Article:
As was the fashion, myriad guests arrived to visit, and the Governor’s household put on great entertainment. Chef Gallad was kept busy baking and grilling in the kitchen, striving to feed the gourmet hordes.

One afternoon, in an effort to create a novel high tea, he dipped some leftover sponge cake into a light chocolate sauce, then rolled the resulting cakes in coconut. The effect was simple, but very elegant, and decidedly delicious.

Lord Lamington was impressed, almost as much as his guests. Several of the society ladies in attendance requested the recipe for this delectable new treat, and the chef, suitable chuffed, obliged. Next month, the recipe was published in the Queensland Ladies Home Journal, attributed as ‘Lady Lamington’s Chocolate-Coconut Cake’, soon after known by its diminutive, the lamington.

Today there are significant variations in the lamingtons you’ll find around Australia. In Queensland they are still made in the traditional way, while in Victoria and South Australia they are filed with jam. In WA, bakers slice the finished cake in half and fill it with mock cream. But for any version the key remains that you must start with a perfectly light sponge cake, and a chocolate syrup of the right consistency.

If you’ve never made a lamington before, then here’s your chance. Wednesday July 21st is National Lamington Day. To be honest, I’m unsure what it is celebrating, other than the lamington itself. But as any lamington aficionado will tend you, that’s a great festival in its own right.

Not entirely Aussie? Perhaps. But that’s the great thing about our fantastic country – we take the best of everywhere, and make them our own.

Want a recipe for a perfect lamington? Click here.

Bobbylicious: Lazy Sunday Lamington Baking

"Lazy Sunday Lamington Baking. I don't know what came over me to try and attempt this, but I did, and I did good! Who knew yummy lamingtons were so easy to bake? Ingredients: 1 and 1/2 cups of flour. 1 tbsp baking powder ..."

My First Lamington - Pacific Pie Company - Food Freaks Unite

Lamington: A traditional Australian dessert in the shape of a cube. Made of sponge cake that is coated with chocolate icing then sprinkled with coconut.  
An optional filling of jam or cream can be in between the layers of sponge cake. 

I consider myself a dessert aficionado but I’ve never even heard of these cakes before the fine folks at Pacific Pie Company brought these to my attention and expanded my dessert portfolio. 

I’m already a huge fan of their savory and sweet pasties and pies so when the staff told me about their upcoming Australian Day specials, I came back the next day to try them out.

I have to say I really liked this cake. I saved half of it for the next day and ended up eating it for breakfast with my coffee which complimented perfectly with the cake. 

 Why did I only eat half you might ask? Anyone who knows me can attest that I rarely leave any leftovers where dessert is concerned but this time I went all Miss Piggy and bought a peanut butter pie too.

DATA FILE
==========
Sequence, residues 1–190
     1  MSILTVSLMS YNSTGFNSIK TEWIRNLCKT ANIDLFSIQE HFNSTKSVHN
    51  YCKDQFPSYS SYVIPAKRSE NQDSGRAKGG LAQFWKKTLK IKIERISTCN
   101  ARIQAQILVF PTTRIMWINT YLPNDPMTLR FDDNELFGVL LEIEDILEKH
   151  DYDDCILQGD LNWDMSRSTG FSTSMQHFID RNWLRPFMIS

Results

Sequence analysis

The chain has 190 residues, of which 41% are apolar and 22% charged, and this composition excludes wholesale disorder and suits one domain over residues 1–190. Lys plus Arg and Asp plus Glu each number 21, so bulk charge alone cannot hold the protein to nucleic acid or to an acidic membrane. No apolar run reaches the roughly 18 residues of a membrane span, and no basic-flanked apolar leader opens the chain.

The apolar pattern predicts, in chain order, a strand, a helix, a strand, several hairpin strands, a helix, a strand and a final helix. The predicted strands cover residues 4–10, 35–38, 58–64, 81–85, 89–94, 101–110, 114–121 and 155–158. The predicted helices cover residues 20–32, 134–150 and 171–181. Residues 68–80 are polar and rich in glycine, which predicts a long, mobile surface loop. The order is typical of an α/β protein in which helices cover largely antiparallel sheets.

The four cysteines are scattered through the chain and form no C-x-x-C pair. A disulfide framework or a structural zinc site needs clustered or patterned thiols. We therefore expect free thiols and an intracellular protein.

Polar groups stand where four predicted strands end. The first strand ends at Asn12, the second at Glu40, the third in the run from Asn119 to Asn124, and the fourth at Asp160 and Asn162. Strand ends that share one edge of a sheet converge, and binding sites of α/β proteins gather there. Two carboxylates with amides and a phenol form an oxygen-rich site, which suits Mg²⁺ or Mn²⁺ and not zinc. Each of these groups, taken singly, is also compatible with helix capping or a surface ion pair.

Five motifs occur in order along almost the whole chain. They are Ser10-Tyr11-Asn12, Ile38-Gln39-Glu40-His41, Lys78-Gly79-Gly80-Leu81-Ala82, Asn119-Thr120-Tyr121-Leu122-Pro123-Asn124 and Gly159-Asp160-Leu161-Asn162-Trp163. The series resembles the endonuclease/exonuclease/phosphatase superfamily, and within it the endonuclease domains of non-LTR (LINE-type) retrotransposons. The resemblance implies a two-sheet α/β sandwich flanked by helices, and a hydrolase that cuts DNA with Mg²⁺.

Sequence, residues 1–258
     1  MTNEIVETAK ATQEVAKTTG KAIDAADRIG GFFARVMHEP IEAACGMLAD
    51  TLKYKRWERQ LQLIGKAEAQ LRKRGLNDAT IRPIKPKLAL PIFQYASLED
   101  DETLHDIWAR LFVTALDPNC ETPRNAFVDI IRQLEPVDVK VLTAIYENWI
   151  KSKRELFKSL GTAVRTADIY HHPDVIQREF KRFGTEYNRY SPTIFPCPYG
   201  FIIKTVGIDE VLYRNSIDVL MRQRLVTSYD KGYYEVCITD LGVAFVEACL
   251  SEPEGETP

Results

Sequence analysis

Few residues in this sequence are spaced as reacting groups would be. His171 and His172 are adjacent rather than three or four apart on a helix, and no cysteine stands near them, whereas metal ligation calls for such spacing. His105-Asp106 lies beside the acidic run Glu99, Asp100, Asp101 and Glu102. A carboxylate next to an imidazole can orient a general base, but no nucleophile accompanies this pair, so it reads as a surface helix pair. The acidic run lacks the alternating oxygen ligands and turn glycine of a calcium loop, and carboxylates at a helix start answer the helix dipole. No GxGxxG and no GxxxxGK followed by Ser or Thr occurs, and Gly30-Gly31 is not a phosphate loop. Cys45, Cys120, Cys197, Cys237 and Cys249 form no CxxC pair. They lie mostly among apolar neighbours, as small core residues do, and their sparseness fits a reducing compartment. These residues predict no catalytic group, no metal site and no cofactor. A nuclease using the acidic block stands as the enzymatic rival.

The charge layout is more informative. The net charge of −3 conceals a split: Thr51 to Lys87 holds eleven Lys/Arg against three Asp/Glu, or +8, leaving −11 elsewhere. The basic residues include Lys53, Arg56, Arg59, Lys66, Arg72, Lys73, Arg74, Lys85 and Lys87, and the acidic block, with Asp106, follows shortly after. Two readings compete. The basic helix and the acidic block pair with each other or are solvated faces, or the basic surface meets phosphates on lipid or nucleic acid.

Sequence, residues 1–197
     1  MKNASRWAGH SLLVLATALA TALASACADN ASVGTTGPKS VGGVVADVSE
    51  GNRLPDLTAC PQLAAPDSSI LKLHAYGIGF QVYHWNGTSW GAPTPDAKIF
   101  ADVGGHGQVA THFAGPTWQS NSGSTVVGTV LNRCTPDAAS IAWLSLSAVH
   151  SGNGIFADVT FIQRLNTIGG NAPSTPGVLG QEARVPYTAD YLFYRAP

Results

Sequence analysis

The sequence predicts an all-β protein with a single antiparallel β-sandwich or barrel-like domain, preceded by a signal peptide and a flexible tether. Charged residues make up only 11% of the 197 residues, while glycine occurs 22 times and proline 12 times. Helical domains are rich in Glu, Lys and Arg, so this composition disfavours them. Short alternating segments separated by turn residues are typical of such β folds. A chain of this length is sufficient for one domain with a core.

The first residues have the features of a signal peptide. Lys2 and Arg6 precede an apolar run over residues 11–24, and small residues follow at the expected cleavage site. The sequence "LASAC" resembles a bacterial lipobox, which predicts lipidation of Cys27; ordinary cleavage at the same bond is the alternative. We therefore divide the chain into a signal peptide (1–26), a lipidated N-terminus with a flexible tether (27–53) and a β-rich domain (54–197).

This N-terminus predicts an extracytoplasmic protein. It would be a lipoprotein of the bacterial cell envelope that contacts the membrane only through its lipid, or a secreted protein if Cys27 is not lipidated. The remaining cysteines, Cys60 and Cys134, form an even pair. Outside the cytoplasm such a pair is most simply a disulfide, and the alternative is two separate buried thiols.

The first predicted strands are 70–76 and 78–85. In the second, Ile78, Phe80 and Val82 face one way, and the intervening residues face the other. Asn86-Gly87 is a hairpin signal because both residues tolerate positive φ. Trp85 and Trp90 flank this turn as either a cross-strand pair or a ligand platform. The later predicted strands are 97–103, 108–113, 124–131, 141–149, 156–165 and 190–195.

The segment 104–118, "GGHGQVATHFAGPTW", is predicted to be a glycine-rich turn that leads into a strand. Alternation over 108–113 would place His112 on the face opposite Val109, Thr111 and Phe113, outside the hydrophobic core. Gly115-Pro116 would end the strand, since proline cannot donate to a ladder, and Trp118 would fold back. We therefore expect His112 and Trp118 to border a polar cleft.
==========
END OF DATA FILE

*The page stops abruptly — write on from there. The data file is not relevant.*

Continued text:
But back to the lamington…I would have personally wanted more jam filling but overall, it was a good dessert that I’m glad I got the chance to try. 

 It isn’t overly sweet so I’d probably eat it again for a breakfast snack rather than something to satisfy my sweet tooth. For that, I would get their dreamy creamy peanut butter pie. I’ve tried to only eat half of that pie but I have yet to be successful. Yes, it’s just that good.

Toowoomba claims Lamington birth place

 Geoff McDonald and Julian Lancaster-Smith
 are adamant Toowoomba is the home of the lamington.
It is a bit of a sticky situation when it comes to the birth place of the iconic lamington, but Chamber of Commerce president Geoff McDonald was quick to squash Brisbane’s claim to lamington fame.

Today Australians celebrate their love of lamingtons with National Lamington Day and while there is no dispute over whom the chocolate and coconut cake is named after, the birth place of the lamington is surrounded by controversy.

Many believe the lamington was born in Toowoomba’s Harlaxton House when the Governor of Queensland, Lord Lamington, took his entourage to the city to escape the heat while others claim a chef at Queensland’s Government House, Armand Gallad, was called upon to produce something on short notice to feed unexpected guests.

Evidence compiled by University of Southern Queensland’s Professor Emeritus Maurice French suggested the lamington was created when Lord Lamington and his wife visited Toowoomba for a period during mid-December 1900 to mid-February, 1901.

Professor French stated if the lamington was a Harlaxton House concoction, it would have been from that particular period.

“We have only gone by documented evidence,” said Mr McDonald.

“We haven’t dreamt it up, we haven’t fabricated it.”

“Anyone who wants to take us on, do so at your own peril.”

Quality Desserts managing director Julian Lancaster-Smith said the people of Brisbane knew it was not right, but still they laid claim to the birth place of the lamington.